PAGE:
Quito: Flat-Earthers had, by the 18th century, been relegated to the loony fringe of scientific discussion(which today accommodates everyone from Creationists to Climate Skeptics), however there remained much debate, particularly in France, about whether the globe was perfectly round or bulged more at the poles or at the equator. In order to settle the conundrum, King Louis XV commissioned two scientific expeditions to measure the Earth’s circumference: one to Lapland (close to the North Pole) and one to Quito, then in Spanish Peru. A degree of longitude would be calculated from each measurement and the results would be compared.
In 1736, some time after the Lapland group had confirmed that the Earth is flatter at the poles, the equatorial contingent of the French Geodesic Mission – who had been embroiled in various adventures, including infighting and deaths, and the ‘serendipitous’ possession of Incan gold – reported their findings: the earth does indeed bulge at the equator.
The scientists had selected their Equatorial marker, a few kilometres north of Quito, after finding that all the logical longitudinal points of reference from the Greenwich Meridian were either in an ocean or on an inconvenient rock in the Galapagos.
Ecuador, the Spanish for ‘equator’, got its name from the scientific expedition, and it was also the source of the new metric system – 1 metre was calculated as one ten-millionth of the distance from the equator to the North Pole.
It was a highly valuable calculation to cartographers, even if it turns out to be 300 metres further north than the French positioned it, and we visit the marker, some 20 kilometres north of Quito. There’s something quite magical about hopping between the north and south hemispheres, of knowing you are standing in the middle of the earth.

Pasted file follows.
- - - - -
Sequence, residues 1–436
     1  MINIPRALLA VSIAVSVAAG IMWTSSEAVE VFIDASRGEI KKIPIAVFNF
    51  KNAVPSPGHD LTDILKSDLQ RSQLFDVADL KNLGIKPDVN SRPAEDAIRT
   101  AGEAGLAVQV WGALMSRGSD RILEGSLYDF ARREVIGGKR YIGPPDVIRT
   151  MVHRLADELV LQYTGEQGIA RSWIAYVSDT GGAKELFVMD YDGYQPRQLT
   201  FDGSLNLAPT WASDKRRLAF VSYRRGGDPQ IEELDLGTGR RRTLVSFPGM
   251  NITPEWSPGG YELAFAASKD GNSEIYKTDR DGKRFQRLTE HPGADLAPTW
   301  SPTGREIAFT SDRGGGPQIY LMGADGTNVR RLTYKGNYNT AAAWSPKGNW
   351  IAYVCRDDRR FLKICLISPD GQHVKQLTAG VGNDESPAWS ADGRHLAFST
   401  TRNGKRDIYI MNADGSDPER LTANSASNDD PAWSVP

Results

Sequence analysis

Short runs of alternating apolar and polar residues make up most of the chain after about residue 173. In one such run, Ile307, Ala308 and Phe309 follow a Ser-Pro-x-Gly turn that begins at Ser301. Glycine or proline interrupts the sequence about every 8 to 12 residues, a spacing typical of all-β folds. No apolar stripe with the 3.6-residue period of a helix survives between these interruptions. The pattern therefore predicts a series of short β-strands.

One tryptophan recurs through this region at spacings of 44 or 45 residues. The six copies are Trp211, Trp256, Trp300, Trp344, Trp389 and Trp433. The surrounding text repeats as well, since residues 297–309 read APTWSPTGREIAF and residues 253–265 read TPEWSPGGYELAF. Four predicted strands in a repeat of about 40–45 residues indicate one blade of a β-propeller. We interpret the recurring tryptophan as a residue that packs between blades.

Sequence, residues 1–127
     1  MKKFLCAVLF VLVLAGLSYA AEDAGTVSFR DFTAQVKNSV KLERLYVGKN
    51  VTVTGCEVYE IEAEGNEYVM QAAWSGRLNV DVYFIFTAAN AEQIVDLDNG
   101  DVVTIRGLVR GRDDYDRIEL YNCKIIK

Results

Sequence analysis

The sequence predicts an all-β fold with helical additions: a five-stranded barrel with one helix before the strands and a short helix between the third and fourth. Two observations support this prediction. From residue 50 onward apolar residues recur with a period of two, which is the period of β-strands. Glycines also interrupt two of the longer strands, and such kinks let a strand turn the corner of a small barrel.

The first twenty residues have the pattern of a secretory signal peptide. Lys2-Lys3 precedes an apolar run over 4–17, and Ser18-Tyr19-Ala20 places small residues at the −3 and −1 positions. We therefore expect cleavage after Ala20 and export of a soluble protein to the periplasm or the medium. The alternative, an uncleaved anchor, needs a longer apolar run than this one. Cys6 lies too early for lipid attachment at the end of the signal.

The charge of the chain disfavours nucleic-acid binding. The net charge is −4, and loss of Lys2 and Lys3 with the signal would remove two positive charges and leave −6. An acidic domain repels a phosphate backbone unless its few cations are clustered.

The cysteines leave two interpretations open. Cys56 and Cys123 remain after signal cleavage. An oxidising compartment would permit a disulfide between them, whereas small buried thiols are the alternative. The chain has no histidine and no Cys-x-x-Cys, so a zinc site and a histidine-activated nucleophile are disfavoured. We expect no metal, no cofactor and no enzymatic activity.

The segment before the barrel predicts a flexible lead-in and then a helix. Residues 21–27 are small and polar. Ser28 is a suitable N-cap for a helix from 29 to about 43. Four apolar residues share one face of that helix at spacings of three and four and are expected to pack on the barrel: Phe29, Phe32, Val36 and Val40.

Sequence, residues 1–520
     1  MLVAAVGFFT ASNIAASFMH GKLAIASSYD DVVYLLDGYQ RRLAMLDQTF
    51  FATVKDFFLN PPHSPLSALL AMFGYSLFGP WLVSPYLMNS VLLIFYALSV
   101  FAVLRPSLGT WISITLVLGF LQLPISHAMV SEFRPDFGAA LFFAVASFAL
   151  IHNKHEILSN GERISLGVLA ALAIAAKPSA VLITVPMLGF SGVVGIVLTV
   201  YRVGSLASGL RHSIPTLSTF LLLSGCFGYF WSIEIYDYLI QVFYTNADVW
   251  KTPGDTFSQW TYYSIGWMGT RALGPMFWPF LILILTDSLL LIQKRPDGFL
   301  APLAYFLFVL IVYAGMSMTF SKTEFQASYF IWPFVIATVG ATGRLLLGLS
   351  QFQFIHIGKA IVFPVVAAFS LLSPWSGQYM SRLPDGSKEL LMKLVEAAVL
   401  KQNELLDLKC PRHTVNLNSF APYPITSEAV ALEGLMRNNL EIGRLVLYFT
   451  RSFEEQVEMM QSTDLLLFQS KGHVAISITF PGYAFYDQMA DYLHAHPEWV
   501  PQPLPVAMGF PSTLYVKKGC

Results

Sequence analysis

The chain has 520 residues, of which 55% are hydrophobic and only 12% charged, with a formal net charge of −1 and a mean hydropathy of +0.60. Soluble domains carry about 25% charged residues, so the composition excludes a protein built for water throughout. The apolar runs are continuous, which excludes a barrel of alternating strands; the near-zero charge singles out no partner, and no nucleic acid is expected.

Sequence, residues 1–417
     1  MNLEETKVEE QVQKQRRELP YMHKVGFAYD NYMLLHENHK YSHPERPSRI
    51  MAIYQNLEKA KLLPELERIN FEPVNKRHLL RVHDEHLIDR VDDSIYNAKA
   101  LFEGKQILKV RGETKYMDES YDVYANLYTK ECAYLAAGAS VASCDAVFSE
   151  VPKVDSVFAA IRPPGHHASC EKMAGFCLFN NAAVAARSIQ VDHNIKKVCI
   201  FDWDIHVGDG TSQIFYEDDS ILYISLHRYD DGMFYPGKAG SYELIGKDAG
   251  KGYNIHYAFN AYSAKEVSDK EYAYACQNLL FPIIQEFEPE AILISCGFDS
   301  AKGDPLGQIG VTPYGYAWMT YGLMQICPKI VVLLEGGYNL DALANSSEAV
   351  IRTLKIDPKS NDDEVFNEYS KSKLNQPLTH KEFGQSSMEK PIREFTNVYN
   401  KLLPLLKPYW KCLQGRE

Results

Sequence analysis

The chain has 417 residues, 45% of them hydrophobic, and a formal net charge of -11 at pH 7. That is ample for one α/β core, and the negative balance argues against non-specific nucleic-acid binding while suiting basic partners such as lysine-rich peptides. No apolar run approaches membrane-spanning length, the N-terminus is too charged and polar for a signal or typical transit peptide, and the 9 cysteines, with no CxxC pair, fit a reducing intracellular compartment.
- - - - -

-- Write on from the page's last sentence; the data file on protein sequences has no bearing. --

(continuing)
We experiment with the Coriolis effect, watching water evacuate a basin without the usual plughole vortex when on the equator, but spiralling clockwise and counterclockwise just a metre into either hemisphere.
It’s great fun, but we suspect there may be more to Quito than its geography. We navigate the dangerous streets with caution – every traveller we speak to has some gruesome tale of muggings or worse – and among the impressive colonial buildings and plazas, we discover the Chapel of Mankind (Capilla del Hombre). The beautiful building is, I realise, the first memorial we’ve seen on the continent that is dedicated to the misery and suffering of the indigenous population.
The incredible museum perfectly complements the paintings it displays by celebrated Ecuadorian indigenous artist Oswaldo Guayasamín. The cubist styled paintings show the AmerIndian it his most wrought and we leave the gallery heavy with the sorrow of millions.
The altitude, continual rain and chill combine to create a rather depressing experience. The leaden skies, similar to Lima’s panza de burro ( donkey’s belly grey), make me long for relief. It’s not far off: tomorrow we fly to the Galapagos.